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Bangalore Has A Plan

Bangalore has sufficient water now, but there is uncertainty about tomorrow.

Bangalore Has A Plan
Bangalore Has A Plan
outlookindia.com
2019-07-26T12:03:29+0530

Before the JD(S)-Congress ­coalition government lost the trust vote, Karnataka deputy CM G. Parameshwara shocked Bangalore residents recently when he announced that there could be a five-year ban on ­construction of new apartments due to acute water shortage. The government intended to tap water from the Sharavathi, a river 400 km away, to meet Bangalore’s demand by 2035. The reason for this thirst is apparent—the city’s population doubled in the past two decades, and is likely to double again to 50 million by 2050. By then, the water demand will jump to 45 thousand million cubic feet (TMCF), 125 per cent higher than the existing 20 TMCF. The city will need to think ofsources besides the water it gets from the Cauvery, 100 km away.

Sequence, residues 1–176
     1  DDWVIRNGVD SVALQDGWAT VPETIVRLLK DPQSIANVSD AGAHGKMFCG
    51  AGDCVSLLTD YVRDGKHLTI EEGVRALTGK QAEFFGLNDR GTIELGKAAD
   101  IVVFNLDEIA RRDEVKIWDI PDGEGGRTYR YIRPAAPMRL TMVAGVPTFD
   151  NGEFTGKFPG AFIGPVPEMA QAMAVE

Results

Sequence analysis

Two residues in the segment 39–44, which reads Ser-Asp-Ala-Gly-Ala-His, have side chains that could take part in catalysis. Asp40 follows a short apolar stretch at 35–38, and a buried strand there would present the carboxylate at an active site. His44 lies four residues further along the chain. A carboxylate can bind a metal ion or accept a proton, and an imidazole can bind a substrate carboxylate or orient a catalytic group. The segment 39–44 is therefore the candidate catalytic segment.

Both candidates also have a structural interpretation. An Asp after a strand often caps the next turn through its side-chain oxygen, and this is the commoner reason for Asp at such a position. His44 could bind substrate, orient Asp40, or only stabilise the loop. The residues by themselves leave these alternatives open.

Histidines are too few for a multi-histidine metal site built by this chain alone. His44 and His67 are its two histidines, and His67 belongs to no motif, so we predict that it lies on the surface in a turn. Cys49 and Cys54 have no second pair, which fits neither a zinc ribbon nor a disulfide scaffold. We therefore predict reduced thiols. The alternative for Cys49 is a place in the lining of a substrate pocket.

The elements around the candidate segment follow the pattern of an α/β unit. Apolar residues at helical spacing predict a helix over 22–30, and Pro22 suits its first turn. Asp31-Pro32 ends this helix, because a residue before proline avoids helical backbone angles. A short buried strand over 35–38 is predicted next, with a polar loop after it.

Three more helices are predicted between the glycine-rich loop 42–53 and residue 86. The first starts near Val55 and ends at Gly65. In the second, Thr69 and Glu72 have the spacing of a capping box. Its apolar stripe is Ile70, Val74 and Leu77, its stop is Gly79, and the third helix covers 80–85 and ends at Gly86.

According to A.R. Shivakumar, a former scientist at the Indian Institute of Science, the water needs to come from several sources—rivers, rainwater ­harvesting, recharging groundwater and recycled water. “The alarm bells have begun to ring; it’s a wake-up call,” he explains. Ten years ago, rainwater ­harvesting was made mandatory in the city, and over 130,000 homes have such systems today. The fact is that Bangalore has sufficient water now, but there is uncertainty about tomorrow.

“We are not going to run out of water,” says S. Vishwanath of Biome Environmental Solutions, a design firm that deals with ecology, architecture and water. At present, the city gets 1,450 million litres per day from the Cauvery, which will increase to 2,225 million litres within three years. If each person gets 100 ­litres a day, which is possible, it is enough. “There is no resource scarcity,” adds Vishwanath.

In fact, experts like Shivakumar have proved that Bangalore can manage the situation if it takes the right decisions. His house, which he built in 1995 in the busy Vijaynagar locality, ­manages without a municipal water connection, and depends solely on rainwater. He stores 45,000 litres in tanks, and the excess recharges the ground­water. A single good downpour is enough to provide water for a family of four for a month. His household uses water from the kitchen water and the washing machine to flush the toilets.

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